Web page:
"There are two words you're going to hear a lot more soon," Jim Cramer told his
"RealMoney" radio show listeners Thursday. "Soft ... landing."
The bust in the commodities markets of the last few weeks and the increased likelihood of a gentle slowdown in economic activity rather than a plunge into recession has led the equity markets to reverse their slide in anticipation that the
may be done tightening.
"Markets have been reacting in an appropriately bullish manner," he said. "The decline in commodities prices has lead to buying across the board in stocks."
As long as commodities went up, it led to worries at the Federal Reserve about inflation, Cramer explained.
Cramer then switched to talking about possible problem stocks that investors should avoid. Although large companies often offer investors security in volatile markets, that isn't always the case, he observed. And his first two trading ideas served to emphasize the point.
He recalled a conversation he had with
founder Thomas Stemberg on Wednesday evening. Stemburg is very knowledgeable about "big box" stores, observed Cramer.
Stemburg had noticed, Cramer recalled, that although
was a slick operator in the U.S., the company was failing elsewhere. Most notably, Stemburg said, it was having a hard time in Germany, and South Korea.
"If you can't make it in Germany, you can't make it in Central Europe," Cramer said.
And he predicts that a forthcoming analyst meeting at Wal-Mart's headquarters in Bentonville Ark. will disappoint the market.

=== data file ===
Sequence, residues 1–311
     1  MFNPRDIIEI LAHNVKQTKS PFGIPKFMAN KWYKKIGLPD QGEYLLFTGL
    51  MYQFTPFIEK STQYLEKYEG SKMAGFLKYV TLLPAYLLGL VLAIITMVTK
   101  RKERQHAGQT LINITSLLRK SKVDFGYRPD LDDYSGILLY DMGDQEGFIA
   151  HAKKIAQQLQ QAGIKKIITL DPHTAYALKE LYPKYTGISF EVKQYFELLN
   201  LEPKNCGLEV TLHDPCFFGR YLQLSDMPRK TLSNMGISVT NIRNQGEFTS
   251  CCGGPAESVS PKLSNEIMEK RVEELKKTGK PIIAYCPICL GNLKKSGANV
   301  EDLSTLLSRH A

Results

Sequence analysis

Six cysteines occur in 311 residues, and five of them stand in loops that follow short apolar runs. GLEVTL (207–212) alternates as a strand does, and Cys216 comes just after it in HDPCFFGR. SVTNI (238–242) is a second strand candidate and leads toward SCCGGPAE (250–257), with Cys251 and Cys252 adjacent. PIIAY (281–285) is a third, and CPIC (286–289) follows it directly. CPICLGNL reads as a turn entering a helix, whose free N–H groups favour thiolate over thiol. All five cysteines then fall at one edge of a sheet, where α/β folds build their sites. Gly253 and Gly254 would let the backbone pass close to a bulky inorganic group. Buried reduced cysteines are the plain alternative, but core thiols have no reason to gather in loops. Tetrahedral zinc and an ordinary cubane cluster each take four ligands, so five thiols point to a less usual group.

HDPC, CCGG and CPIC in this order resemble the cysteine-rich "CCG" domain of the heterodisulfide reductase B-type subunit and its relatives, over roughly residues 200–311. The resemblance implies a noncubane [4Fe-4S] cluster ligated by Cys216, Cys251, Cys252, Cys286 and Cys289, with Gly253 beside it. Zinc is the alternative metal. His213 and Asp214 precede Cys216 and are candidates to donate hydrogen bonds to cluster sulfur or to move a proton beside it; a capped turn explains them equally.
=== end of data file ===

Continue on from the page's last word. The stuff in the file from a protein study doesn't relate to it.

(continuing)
I would sell," Cramer said.
Next he moved to a discussion on
and the announcement of a further delay in the company's new operating system.
"There is no new op system," said Cramer. "And that is Microsoft's fault."
"I know it's cheap and I own it for
Action Alerts PLUS," he said.
at $22 a share," he said. "Do I want to boot it? No, but it's not going anywhere for a while."
Each week, listeners vote to have Cramer discuss a single stock. This week, audiences voted for credit card processor
, which recently had an initial public offering.
Cramer said the stock, which went public at $39, should have been priced around $45, but the problems caused by the
IPO debacle alarmed the underwriters enough to price the MasterCard offering lower.
If the stock had opened at $45, it would have been trading at a multiple of 15 times conservatively estimated future earnings of $3 a share, Cramer said.
"I would be willing to pay $90, if it continues growing," he said.
There are 24 million merchants across the globe that accept the brand, and huge insider buying by top executives are huge positives for Cramer. He dismissed a potential legal battle with banks over the company's name as unlikely to go anywhere.
The next stock on parade was newspaper company
"Don't get suckered in by Tribune," he said. "These newspaper stocks are value traps."
He explained that the company was aiming to grow its employment Web site from 6% of its current business to 15%. But that didn't impress Cramer. "Monster is a better competitor, and don't forget Craiglist," he said, and drawing attention to the availability of free job listings on the latter.
Cramer then turned to "Vonage, the Dog," his latest pet hate.